Last week I began my review with the growing authoritarianism in Europe, and ended it with the hope of this weekend’s Challenging Capitalist Modernity conference in Hamburg. I didn’t know that just a few days earlier, German authoritarianism – via Hamburg University, whose student association has been organising the conference together with the International Initiative Freedom for Öcalan – had informed the organisers that their long-established room bookings had been cancelled. Capitalist Modernity must not to be challenged, and especially not by people who support the Kurdish Freedom Movement and are interested in the philosophy of the imprisoned Kurdish leader, Abdullah Öcalan. As explained by the General Students’ Committee, “The President of the University, Prof. Dr. Hauke Heekeren, has decided not to make the premises available after having received a non-public letter from the Büro für Verfassungsschutz Hamburg, the Hamburg state agency responsible for domestic intelligence, accusing the conference of political extremism.”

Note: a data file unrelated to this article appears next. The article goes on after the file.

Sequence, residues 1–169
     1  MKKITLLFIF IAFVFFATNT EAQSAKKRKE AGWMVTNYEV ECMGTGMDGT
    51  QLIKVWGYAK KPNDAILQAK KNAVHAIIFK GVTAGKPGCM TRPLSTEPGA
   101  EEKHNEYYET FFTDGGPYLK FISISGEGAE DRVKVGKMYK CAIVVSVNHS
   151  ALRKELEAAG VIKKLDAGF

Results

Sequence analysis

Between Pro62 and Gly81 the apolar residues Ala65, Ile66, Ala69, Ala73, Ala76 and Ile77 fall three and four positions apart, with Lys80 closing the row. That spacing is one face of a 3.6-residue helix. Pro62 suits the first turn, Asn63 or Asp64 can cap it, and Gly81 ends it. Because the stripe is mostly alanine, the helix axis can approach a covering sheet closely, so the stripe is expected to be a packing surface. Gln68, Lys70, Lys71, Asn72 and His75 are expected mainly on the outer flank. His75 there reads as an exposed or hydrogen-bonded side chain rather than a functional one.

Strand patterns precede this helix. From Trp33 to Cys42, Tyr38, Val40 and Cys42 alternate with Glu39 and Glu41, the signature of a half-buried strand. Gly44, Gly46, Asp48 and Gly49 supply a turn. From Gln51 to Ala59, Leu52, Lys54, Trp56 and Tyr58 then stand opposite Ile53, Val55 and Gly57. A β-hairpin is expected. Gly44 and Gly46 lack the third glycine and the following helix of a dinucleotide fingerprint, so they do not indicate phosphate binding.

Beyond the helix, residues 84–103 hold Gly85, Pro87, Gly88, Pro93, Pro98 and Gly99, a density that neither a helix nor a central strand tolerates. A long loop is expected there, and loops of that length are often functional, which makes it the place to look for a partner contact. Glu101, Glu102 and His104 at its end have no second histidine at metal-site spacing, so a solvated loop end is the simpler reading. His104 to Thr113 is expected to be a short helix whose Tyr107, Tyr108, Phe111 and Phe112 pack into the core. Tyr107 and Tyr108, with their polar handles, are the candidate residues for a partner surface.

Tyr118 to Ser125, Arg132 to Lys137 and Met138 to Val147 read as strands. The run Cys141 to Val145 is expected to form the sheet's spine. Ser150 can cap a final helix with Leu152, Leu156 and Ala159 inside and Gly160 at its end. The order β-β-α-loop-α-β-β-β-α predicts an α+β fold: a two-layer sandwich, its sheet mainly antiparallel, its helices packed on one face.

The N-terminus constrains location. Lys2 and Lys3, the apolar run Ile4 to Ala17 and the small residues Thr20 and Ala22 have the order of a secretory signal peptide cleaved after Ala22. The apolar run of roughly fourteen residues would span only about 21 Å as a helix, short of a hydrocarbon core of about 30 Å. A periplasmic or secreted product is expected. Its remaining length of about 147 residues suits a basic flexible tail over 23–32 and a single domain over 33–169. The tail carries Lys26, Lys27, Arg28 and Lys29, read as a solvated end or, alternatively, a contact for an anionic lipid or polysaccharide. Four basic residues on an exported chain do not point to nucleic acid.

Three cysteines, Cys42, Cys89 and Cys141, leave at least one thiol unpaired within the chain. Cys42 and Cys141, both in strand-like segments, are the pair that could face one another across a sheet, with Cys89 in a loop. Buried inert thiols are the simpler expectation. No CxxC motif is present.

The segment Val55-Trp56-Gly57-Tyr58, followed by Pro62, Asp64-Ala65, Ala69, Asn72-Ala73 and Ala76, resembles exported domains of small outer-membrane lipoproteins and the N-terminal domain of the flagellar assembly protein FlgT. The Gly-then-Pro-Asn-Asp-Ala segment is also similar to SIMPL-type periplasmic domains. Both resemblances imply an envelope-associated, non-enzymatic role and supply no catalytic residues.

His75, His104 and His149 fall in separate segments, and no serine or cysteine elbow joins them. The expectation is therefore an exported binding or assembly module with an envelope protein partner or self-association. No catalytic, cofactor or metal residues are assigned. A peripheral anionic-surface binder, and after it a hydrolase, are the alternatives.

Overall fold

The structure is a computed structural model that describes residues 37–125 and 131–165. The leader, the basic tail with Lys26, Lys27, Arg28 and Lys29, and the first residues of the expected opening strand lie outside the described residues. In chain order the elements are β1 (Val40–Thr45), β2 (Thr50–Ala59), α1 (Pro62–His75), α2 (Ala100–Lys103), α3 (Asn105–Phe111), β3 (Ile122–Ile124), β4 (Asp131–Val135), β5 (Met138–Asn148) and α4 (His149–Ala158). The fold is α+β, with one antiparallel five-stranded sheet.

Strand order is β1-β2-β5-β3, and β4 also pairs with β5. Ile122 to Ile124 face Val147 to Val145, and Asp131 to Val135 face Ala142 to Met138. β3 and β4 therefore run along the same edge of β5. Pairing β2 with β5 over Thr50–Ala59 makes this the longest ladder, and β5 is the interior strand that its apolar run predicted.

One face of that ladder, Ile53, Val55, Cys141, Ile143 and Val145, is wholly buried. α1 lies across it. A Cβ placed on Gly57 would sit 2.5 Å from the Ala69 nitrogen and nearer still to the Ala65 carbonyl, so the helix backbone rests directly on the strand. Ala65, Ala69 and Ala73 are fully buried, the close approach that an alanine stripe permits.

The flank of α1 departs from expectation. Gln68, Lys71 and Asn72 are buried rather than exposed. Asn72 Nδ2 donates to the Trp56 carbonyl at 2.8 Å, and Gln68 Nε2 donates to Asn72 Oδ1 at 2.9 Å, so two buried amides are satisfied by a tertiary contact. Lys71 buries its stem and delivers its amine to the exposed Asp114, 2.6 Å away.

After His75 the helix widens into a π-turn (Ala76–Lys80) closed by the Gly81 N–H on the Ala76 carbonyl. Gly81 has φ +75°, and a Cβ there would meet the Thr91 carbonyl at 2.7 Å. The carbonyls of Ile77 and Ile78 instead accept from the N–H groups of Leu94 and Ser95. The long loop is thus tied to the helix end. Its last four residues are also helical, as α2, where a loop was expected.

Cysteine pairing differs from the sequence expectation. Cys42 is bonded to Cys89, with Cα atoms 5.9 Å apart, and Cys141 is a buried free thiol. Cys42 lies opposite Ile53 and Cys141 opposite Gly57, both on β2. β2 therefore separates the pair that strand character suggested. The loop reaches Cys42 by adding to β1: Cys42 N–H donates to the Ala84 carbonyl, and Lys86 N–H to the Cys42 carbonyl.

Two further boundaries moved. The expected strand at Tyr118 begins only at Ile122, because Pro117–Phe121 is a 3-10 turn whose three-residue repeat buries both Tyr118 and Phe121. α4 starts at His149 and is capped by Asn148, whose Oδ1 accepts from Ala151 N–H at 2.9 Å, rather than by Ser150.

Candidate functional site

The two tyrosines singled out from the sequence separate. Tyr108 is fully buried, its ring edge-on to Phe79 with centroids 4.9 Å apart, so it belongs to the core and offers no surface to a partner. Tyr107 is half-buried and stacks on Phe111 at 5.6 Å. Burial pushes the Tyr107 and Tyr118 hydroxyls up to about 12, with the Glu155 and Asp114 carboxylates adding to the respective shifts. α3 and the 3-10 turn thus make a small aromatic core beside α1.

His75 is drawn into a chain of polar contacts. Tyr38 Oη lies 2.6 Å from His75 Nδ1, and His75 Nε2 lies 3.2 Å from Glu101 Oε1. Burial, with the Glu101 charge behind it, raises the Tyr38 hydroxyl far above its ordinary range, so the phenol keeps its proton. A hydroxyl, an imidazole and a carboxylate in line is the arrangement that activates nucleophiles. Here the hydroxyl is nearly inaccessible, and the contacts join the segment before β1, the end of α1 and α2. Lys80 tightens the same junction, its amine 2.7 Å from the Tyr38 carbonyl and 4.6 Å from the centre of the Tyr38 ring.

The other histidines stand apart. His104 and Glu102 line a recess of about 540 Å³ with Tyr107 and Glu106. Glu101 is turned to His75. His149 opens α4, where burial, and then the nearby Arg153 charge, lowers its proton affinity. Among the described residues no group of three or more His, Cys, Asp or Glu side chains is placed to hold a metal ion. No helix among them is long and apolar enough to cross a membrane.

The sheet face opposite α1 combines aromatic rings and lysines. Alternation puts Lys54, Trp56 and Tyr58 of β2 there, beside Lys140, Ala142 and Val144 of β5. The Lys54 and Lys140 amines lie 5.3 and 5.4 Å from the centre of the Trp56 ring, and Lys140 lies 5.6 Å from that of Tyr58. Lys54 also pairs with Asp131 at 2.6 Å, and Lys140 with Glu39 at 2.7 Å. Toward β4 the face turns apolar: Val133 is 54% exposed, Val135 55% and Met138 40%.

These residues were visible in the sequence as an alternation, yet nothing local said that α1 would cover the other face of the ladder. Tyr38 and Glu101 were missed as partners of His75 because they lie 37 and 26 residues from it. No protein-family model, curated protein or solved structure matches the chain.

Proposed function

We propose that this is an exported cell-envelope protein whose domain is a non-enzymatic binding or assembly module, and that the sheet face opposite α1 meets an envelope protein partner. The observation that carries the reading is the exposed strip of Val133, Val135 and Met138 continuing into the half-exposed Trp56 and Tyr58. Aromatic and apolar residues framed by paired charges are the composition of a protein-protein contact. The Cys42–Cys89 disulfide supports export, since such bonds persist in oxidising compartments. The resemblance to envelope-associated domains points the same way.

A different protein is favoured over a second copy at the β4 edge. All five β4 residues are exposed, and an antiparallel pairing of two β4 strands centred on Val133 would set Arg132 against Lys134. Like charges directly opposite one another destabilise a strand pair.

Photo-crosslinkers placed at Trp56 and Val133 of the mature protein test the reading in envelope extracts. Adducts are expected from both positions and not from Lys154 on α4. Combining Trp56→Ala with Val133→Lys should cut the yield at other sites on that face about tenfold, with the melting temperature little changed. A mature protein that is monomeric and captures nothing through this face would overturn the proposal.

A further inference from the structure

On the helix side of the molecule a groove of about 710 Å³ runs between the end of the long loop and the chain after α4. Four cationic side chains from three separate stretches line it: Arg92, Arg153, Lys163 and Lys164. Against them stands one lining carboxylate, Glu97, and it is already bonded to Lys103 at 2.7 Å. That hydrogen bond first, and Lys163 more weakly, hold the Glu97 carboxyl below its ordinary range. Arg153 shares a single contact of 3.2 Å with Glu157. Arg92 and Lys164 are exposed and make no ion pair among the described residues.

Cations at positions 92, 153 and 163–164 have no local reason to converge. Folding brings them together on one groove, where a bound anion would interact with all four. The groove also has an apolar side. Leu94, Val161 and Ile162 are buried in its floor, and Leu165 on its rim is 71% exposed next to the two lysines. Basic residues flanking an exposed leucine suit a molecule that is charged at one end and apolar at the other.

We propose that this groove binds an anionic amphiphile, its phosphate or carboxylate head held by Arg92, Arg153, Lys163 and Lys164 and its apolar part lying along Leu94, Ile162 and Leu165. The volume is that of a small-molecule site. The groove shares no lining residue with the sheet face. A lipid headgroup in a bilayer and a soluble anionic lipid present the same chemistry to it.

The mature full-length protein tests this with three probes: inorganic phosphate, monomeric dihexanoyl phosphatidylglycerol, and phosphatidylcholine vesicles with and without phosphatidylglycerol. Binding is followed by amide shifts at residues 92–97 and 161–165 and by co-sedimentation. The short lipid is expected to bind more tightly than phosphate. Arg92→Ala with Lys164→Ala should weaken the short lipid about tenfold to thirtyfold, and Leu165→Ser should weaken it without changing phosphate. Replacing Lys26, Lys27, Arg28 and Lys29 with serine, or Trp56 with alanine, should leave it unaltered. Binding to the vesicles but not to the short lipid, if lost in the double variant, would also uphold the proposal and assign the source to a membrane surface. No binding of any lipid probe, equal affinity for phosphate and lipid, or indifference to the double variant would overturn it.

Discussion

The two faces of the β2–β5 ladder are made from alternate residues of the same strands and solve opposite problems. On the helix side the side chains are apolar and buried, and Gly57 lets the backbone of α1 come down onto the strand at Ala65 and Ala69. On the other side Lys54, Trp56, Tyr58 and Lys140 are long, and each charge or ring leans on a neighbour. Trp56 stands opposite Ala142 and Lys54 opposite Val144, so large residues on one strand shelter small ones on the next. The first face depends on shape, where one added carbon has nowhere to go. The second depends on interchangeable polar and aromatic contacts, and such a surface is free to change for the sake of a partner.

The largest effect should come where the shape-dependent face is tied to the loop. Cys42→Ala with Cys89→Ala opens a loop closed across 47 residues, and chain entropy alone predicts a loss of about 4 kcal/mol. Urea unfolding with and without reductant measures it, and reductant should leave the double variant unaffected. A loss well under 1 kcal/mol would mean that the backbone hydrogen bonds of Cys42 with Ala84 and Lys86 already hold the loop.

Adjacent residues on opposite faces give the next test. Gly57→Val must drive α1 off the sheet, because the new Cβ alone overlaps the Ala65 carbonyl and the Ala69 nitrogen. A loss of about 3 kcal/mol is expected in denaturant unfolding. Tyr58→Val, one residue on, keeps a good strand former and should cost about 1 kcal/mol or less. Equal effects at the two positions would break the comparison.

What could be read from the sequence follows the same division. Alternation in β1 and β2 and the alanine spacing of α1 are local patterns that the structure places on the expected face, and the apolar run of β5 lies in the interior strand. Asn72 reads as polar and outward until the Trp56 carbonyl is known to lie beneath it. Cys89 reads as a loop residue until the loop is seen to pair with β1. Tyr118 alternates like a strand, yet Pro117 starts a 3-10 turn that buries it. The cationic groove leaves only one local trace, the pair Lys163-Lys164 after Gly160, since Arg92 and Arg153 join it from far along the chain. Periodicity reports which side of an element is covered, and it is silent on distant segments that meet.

The university has refused requests from the student association to discuss this attack on their conference and on academic freedom, and the organisers have arranged to transfer the whole conference, of 1,300 people, across Hamburg to the Wilhelmsburg Bürgerhaus. Kurds are used to having their arrangements derailed and having to reconstruct their plans; but the university’s actions have served to underline the necessity of the demand made in the conference title, “We want our world back”.